Just as much as Tony was in demand for stage dramas, he was also sought after for films. Lester James cast him as the happy-go-lucky village lad Baladasa in Gamperaliya and also in the lead role of 'Delovak Atara' as a dashing youngster in a rich family.

He also played the role of a carefree youth in 'Ran Salu' and by the time he played the estate supervisor in Gamini Fonseka's 'Parasathu Mal', he had proved his screen talents.

Tony has had an illustrious career and is still in demand. Now he prefers to concentrate on writing - both books and screenplays. Fifty years is a long stint for any actor. Continue the good work, Tony. Chirang Jayatu!

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Eshantha back with his creations

More readily recognized on the local music scene for his appearances as a classical pianist and rock keyboardist, Eshantha Peiris will return to the stage to present a recital of his original musical compositions at the Russian Cultural Centre Hall on August 18 and 19 at 7.15p.m.

Eshantha, who is currently pursuing a Master of Arts degree in Music Composition at New York University (where he also teaches in the piano department), began his training in piano and music theory with Ramya Perera, and later furthered his passion for the creative side of music under the guidance of composers Marc-Antonio Consoli (Classical), Ira Newborn (film) and Jim McNeely (jazz), while picking up a Diploma and of Bachelor's degree (sponsored by Prima Ceylon Ltd.) in piano performance along the way.

The recital programme consists mainly of chamber-sized classical and jazz compositions written by Eshantha within the last four years, with some of the works having been composed/arranged especially for the weekend’s performers. The talented performer line-up comprises several of Sri Lanka’s emerging generation of musicians, including vocalists Anjuli Gunaratne and Eranga Goonetilleke, string instrumentalists Namali Fernando (cello), Amal Abeysekera (viola) and Satish Casie Chetty (violin) flautists Sureka Amerasinghe, Tilanka Jayamanne, Ruvindra Angunawela, Natasha Senanayake, and Johann Peiris (alto flute), drummer Sumudi Suraweera, bass guitarist Alston Joachim, and the composer himself at the piano. Also featured will be a composition each from Sri Lankan composer Natasha Senanayake and Brazilian composer Edmundo Villani-Cortes.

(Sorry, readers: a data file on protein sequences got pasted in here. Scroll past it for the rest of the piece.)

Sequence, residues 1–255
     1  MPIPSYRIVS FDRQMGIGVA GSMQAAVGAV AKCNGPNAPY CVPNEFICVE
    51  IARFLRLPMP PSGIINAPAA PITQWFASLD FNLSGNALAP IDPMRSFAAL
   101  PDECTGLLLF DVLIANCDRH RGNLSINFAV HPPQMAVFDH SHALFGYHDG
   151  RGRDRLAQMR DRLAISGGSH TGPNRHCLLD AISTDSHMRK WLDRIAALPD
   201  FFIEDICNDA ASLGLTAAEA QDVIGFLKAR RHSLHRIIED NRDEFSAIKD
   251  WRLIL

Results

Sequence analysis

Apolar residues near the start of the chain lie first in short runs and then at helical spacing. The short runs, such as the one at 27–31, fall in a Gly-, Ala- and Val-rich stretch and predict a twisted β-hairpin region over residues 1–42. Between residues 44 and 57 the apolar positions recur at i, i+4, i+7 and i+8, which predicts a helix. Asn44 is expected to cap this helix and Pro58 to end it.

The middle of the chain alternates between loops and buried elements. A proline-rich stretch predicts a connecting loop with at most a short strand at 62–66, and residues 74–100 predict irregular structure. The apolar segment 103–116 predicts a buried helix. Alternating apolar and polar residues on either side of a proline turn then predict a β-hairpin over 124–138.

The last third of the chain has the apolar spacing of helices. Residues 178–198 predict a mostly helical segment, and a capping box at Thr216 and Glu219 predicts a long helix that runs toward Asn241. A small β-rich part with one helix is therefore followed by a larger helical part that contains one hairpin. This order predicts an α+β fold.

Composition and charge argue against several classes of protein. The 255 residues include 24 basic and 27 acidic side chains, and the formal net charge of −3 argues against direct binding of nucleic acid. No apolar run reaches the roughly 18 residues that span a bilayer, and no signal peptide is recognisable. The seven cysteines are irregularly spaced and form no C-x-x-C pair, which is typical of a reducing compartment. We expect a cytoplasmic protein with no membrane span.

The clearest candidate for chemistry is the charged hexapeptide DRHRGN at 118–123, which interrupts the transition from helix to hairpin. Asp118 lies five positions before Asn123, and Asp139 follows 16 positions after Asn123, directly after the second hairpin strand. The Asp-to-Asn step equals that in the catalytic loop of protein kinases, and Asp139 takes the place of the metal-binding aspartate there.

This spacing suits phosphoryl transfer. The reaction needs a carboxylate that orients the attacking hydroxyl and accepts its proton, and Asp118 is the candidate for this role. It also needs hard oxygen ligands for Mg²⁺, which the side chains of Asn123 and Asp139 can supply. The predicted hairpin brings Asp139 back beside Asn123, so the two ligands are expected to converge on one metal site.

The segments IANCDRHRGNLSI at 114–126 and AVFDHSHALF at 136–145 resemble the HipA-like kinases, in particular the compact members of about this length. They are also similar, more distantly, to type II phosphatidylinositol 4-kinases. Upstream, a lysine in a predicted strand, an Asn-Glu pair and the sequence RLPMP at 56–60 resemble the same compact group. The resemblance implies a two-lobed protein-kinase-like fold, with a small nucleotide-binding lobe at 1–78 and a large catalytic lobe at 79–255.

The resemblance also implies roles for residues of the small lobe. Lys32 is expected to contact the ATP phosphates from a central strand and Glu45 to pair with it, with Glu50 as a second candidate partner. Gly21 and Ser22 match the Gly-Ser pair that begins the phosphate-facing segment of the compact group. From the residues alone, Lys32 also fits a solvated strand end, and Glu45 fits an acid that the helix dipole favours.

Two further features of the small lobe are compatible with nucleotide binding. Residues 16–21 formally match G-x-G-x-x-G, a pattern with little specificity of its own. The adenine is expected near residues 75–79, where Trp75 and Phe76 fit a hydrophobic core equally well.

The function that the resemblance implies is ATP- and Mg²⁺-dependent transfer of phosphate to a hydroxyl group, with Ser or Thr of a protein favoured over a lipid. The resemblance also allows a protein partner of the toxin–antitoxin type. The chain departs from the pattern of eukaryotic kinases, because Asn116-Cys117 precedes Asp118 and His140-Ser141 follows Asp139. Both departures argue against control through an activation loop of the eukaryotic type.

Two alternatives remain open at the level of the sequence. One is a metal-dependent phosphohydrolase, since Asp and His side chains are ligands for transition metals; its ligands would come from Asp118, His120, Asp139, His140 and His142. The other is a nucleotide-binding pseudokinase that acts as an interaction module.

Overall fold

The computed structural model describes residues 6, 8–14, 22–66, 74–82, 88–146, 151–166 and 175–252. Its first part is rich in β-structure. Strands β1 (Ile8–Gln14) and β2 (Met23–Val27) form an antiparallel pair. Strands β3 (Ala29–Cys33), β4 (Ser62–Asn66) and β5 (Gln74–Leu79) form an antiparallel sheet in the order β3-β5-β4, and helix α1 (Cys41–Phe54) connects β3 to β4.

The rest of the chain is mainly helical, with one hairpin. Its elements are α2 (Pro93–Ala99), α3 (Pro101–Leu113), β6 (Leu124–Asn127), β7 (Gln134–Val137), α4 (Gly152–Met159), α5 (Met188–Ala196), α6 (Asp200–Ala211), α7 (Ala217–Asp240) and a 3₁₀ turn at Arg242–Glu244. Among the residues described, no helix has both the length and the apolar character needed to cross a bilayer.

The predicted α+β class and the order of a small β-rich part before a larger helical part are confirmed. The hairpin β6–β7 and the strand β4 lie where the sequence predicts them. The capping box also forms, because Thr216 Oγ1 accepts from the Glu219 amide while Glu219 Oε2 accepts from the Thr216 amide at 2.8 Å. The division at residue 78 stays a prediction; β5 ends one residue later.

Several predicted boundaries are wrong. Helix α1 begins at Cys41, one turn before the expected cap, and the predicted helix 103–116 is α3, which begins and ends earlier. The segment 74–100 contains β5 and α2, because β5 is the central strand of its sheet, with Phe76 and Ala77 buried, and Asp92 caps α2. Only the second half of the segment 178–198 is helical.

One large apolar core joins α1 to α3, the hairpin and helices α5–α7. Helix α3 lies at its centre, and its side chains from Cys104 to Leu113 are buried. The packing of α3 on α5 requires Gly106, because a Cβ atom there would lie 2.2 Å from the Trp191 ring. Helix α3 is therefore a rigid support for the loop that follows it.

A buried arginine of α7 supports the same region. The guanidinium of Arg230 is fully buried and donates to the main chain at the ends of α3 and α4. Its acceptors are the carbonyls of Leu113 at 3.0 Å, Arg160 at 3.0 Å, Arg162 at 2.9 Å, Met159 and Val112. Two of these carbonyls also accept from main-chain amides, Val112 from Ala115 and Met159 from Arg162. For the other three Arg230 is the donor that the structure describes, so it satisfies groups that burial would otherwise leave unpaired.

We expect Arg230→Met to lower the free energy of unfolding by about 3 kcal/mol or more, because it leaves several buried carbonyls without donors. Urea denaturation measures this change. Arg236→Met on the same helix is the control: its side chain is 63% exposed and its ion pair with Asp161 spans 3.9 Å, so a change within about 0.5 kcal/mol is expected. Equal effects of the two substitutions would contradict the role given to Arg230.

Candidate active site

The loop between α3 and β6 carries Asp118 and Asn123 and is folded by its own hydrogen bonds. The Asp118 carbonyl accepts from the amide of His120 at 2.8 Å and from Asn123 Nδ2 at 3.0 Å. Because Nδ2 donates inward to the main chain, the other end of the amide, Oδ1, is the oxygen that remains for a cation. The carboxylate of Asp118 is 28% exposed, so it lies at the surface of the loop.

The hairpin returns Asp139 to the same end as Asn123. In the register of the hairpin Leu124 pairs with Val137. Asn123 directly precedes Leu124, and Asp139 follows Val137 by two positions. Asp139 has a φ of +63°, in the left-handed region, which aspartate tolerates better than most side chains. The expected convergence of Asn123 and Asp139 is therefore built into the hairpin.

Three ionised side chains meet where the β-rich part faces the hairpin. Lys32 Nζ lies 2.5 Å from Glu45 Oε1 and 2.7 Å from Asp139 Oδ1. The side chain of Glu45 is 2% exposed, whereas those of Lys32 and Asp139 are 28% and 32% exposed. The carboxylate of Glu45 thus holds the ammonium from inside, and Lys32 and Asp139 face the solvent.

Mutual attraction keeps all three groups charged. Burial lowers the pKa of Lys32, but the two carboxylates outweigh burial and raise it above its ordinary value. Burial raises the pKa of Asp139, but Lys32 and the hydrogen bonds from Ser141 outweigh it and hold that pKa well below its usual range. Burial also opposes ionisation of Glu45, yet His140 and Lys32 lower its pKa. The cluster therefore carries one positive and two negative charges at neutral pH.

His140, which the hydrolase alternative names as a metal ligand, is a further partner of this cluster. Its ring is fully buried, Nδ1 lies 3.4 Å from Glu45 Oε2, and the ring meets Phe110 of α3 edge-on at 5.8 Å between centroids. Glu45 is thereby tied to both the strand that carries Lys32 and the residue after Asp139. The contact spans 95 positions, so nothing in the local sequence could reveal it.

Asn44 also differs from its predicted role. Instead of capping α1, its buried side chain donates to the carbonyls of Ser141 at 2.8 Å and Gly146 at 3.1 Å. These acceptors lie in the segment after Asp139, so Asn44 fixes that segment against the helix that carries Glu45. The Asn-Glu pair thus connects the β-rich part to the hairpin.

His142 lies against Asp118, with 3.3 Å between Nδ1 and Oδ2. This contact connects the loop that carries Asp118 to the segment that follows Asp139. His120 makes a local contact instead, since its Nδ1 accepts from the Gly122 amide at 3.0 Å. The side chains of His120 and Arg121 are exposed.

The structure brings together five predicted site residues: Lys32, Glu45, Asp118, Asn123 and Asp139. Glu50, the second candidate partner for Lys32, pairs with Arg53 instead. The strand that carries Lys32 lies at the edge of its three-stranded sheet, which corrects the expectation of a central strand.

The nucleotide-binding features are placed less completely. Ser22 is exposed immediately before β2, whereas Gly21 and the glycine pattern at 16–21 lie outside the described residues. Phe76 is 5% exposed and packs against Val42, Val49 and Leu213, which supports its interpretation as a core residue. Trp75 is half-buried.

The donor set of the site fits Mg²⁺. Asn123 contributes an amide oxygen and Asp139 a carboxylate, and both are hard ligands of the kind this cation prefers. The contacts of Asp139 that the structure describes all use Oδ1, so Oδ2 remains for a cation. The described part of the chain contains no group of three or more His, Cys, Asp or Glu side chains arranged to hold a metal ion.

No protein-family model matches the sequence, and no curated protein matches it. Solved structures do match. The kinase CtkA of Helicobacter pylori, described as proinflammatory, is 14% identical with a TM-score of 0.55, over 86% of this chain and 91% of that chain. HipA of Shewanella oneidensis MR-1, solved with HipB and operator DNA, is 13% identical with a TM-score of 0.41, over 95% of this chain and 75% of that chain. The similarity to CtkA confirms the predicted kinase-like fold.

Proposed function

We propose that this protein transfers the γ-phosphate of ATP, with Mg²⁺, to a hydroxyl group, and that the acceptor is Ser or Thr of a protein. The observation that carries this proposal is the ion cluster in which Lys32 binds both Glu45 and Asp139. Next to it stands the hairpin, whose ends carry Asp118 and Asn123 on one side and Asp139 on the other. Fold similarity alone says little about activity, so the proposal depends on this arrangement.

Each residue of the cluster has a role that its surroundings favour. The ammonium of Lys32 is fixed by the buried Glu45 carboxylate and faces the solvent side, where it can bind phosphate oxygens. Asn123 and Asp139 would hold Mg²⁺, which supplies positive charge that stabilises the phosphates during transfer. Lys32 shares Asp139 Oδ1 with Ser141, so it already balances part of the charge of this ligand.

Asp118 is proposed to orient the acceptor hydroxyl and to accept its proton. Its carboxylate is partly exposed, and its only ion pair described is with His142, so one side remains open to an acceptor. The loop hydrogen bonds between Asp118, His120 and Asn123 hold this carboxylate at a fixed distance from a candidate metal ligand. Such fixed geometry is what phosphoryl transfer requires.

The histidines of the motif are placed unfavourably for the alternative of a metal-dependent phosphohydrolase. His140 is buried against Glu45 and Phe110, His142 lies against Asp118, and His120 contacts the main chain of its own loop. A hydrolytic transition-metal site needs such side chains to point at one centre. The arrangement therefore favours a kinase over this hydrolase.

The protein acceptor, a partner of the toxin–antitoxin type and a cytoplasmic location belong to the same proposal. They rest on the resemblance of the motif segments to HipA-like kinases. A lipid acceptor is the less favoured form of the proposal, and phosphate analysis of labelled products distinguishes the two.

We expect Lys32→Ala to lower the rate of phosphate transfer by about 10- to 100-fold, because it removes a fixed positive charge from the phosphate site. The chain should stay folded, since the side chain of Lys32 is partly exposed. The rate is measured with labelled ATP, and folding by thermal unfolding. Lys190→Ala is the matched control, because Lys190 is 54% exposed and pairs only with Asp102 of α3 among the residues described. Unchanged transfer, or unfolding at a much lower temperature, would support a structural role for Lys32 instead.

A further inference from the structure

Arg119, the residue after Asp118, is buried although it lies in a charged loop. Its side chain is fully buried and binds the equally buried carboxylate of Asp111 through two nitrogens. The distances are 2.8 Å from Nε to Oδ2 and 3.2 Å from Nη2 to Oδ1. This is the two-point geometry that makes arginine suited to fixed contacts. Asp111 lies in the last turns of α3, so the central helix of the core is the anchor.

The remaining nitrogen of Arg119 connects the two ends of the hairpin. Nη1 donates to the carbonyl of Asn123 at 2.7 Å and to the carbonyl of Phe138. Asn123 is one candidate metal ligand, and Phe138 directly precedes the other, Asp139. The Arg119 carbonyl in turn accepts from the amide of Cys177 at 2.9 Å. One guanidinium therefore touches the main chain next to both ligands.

Entrance is by programmes available at the Russian Cultural Centre (open 9 a.m.-7p.m. daily). The main sponsor of the event is F & G Property Developers (Pvt.) Ltd.

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It’s buzzing time again

The Book Buzz series is back in action, this time round giving the audience an opportunity to appreciate the work of two Gratiaen Award-winning writers, Jagath Kumarasinghe and Neil Fernandopulle on Thursday, August 17 at 6 p.m. at the British Council, Colombo. The event is open to all on a first-come first-served basis.

Jagath Kumarasinghe

Jagath is a product of Uva College Badulla. He has worked as a Sinhala feature writer and later as a Sinhala copywriter. His book Kider Chetty Street won the Gratiaen Prize in 2004.

Neil is a stark contrast to Jagath, in that, he calls himself a “molecular biologist by trade and a writer by habit”. When he is not engaged in performing DNA analysis in forensic investigations, he writes, mostly short fiction.

Neil Fernandopulle

He was jointly awarded the Gratiaen prize for 1999 for his collection of short stories, titled Shrapnel. He was again shortlisted for the same award in 2004 for his first novel, This Side of Serendipity, which he still considers to be a work-in-progress.